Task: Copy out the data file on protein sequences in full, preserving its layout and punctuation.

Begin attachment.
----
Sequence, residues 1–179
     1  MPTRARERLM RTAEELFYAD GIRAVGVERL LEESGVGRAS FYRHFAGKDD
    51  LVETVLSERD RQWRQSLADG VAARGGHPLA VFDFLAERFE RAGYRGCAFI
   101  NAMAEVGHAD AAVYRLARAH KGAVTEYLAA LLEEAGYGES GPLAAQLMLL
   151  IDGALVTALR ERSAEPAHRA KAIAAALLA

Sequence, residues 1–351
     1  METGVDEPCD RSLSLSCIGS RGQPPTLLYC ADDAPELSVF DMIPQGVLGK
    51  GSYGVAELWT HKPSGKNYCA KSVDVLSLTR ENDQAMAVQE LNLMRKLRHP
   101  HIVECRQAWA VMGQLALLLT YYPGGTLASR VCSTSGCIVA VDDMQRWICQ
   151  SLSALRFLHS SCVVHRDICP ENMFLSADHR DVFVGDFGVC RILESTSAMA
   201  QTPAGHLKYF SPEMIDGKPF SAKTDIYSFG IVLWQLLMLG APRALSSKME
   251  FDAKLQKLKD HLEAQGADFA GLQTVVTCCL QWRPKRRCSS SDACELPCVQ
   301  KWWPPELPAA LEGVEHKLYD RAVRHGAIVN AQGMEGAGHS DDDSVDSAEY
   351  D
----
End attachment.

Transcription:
Sequence, residues 1–179
     1  MPTRARERLM RTAEELFYAD GIRAVGVERL LEESGVGRAS FYRHFAGKDD
    51  LVETVLSERD RQWRQSLADG VAARGGHPLA VFDFLAERFE RAGYRGCAFI
   101  NAMAEVGHAD AAVYRLARAH KGAVTEYLAA LLEEAGYGES GPLAAQLMLL
   151  IDGALVTALR ERSAEPAHRA KAIAAALLA

Sequence, residues 1–351
     1  METGVDEPCD RSLSLSCIGS RGQPPTLLYC ADDAPELSVF DMIPQGVLGK
    51  GSYGVAELWT HKPSGKNYCA KSVDVLSLTR ENDQAMAVQE LNLMRKLRHP
   101  HIVECRQAWA VMGQLALLLT YYPGGTLASR VCSTSGCIVA VDDMQRWICQ
   151  SLSALRFLHS SCVVHRDICP ENMFLSADHR DVFVGDFGVC RILESTSAMA
   201  QTPAGHLKYF SPEMIDGKPF SAKTDIYSFG IVLWQLLMLG APRALSSKME
   251  FDAKLQKLKD HLEAQGADFA GLQTVVTCCL QWRPKRRCSS SDACELPCVQ
   301  KWWPPELPAA LEGVEHKLYD RAVRHGAIVN AQGMEGAGHS DDDSVDSAEY
   351  D